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Plants Matching usda hardiness zone 13

Returned 2908 results. Page 178 of 291.

Image of Ipomoea nil

Jesse Saylor

(White-edged Morning Glory)

Named for its funnel-shaped flowers that open in the morning, white-edged morning glory is a popular annual to short-lived perennial vine native to tropical areas worldwide. This vigorous twining climber displays green heart-shaped leaves on hairy stems. Throughout summer it bears prolific tubular flowers ranging in color from blue and purple to red, depending on the cultivar. These are often edged in white and attract hummingbirds.

Plant this tropical vine in sites with full sun and average,...

Image of Ipomoea nil

Jesse Saylor

(Scarlet O'Hara Morning Glory, White-edged Morning Glory)

Named for its funnel-shaped flowers that open in the morning, white-edged morning glory is a popular annual to short-lived perennial vine native to tropical areas worldwide. The cultivar 'Scarlet O'Hara' is a vigorous twining climber with green, heart-shaped leaves on hairy stems. Throughout summer it bears prolific tubular of magenta-red with a white throat. These attract hummingbirds and fold by midday.

Plant this tropical vine in sites with full sun and average, well drained soil. It performs...

Image of Ipomoea quamoclit photo by: Felder Rushing

Felder Rushing

(Cypressvine)

Prized by gardeners and by hummingbirds for its summer-long display of bright red tubular flowers with flaring lobes, this annual twining vine is native from Mexico to South America and naturalized throughout the tropics. The ferny compound leaves are also attractive. A white-flowered form is sometimes available.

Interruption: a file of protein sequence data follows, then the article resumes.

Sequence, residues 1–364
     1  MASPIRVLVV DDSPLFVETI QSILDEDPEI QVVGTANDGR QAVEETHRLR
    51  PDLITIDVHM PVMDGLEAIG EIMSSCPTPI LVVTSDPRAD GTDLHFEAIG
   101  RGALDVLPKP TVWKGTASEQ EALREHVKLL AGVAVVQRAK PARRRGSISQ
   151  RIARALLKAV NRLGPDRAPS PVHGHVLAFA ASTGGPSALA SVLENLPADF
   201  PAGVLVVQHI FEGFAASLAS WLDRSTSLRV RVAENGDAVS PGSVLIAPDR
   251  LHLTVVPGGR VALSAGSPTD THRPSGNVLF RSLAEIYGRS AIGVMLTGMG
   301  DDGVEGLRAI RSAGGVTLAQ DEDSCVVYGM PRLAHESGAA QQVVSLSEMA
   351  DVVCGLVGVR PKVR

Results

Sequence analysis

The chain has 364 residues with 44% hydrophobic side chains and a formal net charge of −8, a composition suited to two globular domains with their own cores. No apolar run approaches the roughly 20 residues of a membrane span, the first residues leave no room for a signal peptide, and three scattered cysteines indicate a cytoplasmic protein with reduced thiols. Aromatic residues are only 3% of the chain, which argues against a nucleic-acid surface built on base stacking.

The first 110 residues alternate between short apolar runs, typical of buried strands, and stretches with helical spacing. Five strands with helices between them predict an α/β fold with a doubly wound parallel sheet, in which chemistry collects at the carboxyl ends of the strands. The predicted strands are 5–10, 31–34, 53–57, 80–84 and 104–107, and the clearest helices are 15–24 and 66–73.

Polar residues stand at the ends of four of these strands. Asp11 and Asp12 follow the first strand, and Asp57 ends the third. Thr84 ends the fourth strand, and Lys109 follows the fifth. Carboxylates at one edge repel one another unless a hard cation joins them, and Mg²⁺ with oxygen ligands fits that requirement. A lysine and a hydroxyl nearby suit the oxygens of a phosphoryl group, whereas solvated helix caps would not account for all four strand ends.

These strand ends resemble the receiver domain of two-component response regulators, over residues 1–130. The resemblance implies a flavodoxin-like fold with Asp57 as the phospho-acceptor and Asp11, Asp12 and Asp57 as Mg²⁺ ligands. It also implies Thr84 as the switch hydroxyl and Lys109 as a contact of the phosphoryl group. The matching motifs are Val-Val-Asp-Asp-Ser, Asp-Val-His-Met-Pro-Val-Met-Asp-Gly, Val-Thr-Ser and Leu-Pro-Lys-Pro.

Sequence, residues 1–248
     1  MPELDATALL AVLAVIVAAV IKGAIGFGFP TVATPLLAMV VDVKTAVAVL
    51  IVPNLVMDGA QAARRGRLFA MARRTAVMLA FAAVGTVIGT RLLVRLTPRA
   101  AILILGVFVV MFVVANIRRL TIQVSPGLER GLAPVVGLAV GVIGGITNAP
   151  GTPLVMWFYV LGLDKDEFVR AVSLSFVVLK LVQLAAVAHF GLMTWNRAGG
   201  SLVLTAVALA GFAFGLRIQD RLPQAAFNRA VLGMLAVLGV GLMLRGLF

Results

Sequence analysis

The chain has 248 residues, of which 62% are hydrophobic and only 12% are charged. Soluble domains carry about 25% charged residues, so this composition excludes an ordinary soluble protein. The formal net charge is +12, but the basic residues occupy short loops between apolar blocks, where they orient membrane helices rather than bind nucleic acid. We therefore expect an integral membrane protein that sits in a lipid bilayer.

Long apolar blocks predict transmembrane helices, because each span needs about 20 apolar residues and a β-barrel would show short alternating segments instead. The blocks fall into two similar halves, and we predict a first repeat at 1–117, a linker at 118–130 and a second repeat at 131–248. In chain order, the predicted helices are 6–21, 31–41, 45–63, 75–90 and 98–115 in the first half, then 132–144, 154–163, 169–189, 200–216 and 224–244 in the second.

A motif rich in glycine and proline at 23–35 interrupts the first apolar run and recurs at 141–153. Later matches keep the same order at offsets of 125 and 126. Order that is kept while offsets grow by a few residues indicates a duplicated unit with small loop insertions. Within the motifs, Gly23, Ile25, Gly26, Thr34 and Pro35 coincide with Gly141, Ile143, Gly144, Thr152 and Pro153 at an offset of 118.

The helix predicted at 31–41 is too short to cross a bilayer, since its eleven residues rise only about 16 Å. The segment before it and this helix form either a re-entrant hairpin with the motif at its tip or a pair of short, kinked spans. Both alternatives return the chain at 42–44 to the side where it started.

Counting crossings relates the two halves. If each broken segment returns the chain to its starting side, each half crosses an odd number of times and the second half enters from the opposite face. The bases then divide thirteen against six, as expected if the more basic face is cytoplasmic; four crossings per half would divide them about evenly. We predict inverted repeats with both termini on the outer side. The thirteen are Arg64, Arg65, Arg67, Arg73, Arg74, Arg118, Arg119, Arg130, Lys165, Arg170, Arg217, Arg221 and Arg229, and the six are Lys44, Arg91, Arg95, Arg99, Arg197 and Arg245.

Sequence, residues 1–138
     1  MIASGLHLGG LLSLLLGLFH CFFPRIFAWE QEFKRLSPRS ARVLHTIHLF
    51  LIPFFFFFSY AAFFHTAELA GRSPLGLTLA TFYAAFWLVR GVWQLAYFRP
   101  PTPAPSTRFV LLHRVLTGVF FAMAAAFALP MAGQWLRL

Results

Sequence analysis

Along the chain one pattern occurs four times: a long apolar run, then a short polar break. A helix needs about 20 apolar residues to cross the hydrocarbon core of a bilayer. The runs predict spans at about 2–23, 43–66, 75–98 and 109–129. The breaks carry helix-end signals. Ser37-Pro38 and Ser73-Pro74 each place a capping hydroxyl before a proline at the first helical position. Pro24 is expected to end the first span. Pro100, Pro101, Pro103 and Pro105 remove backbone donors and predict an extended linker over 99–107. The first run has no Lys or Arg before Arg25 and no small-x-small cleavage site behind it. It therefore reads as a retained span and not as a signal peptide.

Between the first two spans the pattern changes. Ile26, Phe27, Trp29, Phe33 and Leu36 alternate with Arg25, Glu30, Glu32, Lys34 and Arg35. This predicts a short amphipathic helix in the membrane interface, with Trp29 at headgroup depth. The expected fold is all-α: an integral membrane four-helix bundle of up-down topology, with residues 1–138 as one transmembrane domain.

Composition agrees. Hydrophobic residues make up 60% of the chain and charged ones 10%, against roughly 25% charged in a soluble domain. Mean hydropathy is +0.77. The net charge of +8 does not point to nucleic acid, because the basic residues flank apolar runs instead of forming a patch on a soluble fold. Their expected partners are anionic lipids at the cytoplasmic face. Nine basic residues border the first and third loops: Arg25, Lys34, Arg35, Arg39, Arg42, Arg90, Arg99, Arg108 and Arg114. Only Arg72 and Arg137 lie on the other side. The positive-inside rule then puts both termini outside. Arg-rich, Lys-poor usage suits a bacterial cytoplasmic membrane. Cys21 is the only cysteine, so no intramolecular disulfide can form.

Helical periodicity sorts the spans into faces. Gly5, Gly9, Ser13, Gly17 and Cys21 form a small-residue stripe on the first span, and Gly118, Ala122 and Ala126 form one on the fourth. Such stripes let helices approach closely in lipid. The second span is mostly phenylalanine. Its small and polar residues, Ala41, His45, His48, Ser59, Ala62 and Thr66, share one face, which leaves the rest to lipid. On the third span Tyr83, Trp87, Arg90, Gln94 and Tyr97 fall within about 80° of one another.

Easily raised from seed, cypressvine thrives in well-drained soil in sun. Train it up a fence or patio-side trellis, thread it through a shrub, or use it in a hummingbird garden.

Image of Ipomoea tricolor photo by: Felder Rushing

Felder Rushing

(Blue Morning Glory, Common Morning Glory, Grannyvine)

Nothing says summery and old-fashioned like the clear, sky blue flowers of morning glories. The common morning glory is a popular annual to short-lived perennial vine native to the tropics of Central and South America. It is a heat-loving and vigorous twining climber with heart-shaped, medium green leaves. Throughout the growing season, its conical buds open in the morning to show off large, blue to violet, funnel-shaped flowers with a white and yellow eye. Its prolific blooms attract hummingbirds...

Image of Ipomoea tricolor

Gerald L. Klingaman

(Common Morning Glory, Crimson Rambler Morning Glory, Grannyvine)

The ruby red flowers of 'Crimson Rambler' really stand out in the summer garden. This morning glory is a popular annual to short-lived perennial vine native to the tropics of Central and South America. It is a heat-loving and vigorous twining climber with heart-shaped, medium green leaves. Throughout the growing season, its conical buds open in the morning to show off large, ruby red flowers with white centers. These prolific blooms attract hummingbirds and butterflies.